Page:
Mitochondria are really important for energy production and controlling the life cycle of cells. When our mitochondria don’t work properly, it can cause our muscle cells to break down faster than we can replace them (remember I said we needed to eat more protein to keep rebuilding our muscle cells).

As a result, we end up losing some of our very important muscle mass.

Exercise Smarter not Harder

So the next logical thing to talk about is obviously exercise.

We all know how important exercise is to building muscles. What we don’t all know however, is that it’s the type of exercise you do, rather than the amount that really matters.

While endurance exercise is great for your heart health, your muscles actually need resistance exercise.

Now while I’m obviously not recommending that you start pumping iron if you’ve never done it before, I am suggesting that some light resistance exercise, just using your own body weight is a great place to start.

Of course if you are unsure of what you are doing, now would be a great time to have a chat with an Exercise Physiologist or a Personal Trainer who specialises in helping peri/post-menopausal women.

After-all, it’s the exercise and muscles you build now that will protect you from falls down the track.

Vitamin D – It’s Not Just for Bones

The last thing I want to talk about today with regards to protecting your muscle mass is Vitamin D.

Unfortunately with all of our “Sun-Smart” messaging and indoor lifestyles, many women are extremely deficient in vitamin D.

Vitamin D not only acts as a hormone and is essential for a healthy immune system, but it also helps to regulate your calcium and bone structure.

What is really interesting though, is that recent research has shown that it is also necessary for healthy muscle function! It is involved in regulating the breakdown of muscle fibres, so it therefore plays an important role in the strength, mass and function of your muscles as a whole.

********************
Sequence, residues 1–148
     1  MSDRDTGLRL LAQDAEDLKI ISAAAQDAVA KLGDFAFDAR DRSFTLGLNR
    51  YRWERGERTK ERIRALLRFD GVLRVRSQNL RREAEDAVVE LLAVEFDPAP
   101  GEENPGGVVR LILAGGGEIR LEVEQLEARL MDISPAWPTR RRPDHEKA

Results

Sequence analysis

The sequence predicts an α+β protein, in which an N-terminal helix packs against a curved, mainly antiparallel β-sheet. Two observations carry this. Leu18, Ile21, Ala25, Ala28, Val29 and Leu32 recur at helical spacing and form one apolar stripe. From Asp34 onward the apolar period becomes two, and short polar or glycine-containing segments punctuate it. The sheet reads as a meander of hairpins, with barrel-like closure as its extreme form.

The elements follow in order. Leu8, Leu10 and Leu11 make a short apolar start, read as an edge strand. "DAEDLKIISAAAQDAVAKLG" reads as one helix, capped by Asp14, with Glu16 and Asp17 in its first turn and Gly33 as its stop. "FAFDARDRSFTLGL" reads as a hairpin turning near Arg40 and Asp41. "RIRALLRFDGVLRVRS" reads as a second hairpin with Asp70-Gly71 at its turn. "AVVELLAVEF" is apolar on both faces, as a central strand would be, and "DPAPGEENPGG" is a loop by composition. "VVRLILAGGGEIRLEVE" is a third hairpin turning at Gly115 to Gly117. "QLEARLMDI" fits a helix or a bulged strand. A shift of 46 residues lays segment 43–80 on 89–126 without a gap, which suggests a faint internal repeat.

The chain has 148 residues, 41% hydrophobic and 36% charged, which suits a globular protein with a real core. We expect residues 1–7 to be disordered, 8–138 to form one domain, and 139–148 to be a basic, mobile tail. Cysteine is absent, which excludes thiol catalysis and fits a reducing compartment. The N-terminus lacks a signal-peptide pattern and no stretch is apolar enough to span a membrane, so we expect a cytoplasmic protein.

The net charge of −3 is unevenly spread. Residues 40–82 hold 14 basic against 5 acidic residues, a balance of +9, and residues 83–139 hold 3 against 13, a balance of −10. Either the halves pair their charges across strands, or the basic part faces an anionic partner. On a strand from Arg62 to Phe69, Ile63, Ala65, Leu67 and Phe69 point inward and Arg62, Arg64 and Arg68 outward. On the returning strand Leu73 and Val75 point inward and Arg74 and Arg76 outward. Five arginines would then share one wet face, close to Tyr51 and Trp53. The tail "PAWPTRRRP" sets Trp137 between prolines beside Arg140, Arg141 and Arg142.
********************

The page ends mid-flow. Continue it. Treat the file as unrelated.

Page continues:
So there you have it.

While aging itself plays a significant role in the loss of muscle mass, there are many other factors at play. Many of which you have control over!

In summary, to help preserve your muscle mass post-menopause, you need to:

  1. Eat enough good quality complete protein (with all of the amino acids).
  2. Keep your weight under control.
  3. Reduce oxidative stress and inflammation.
  4. Exercise.
  5. Make sure you are getting enough vitamin D.

If you’re looking to connect with other peri-menopausal women and optimising your health at the same time, then sign up below for my up-coming 2-week Perimenopause Detox.

It’s a fantastic way to kickstart your health again and ease you through perimenopause. It will help set you on the right path for a strong and healthy future.

You’ll also receive individualised nutritional support from me, and advice on any supplementation (such as vitamin D) that may be beneficial for you.
Many of the ladies who joined us in the last round were astounded to find that they felt improvements within the first week!

Make sure you enter your details below to become a VIP . You’ll be the first to be notified when doors open. I can’t wait to have you join us in the next round!

Maltais ML, Desroches J, Dionne IJ. Changes in muscle mass and strength after menopause. J Musculoskelet Neuronal Interact. 2009 Dec;9(4):186–97.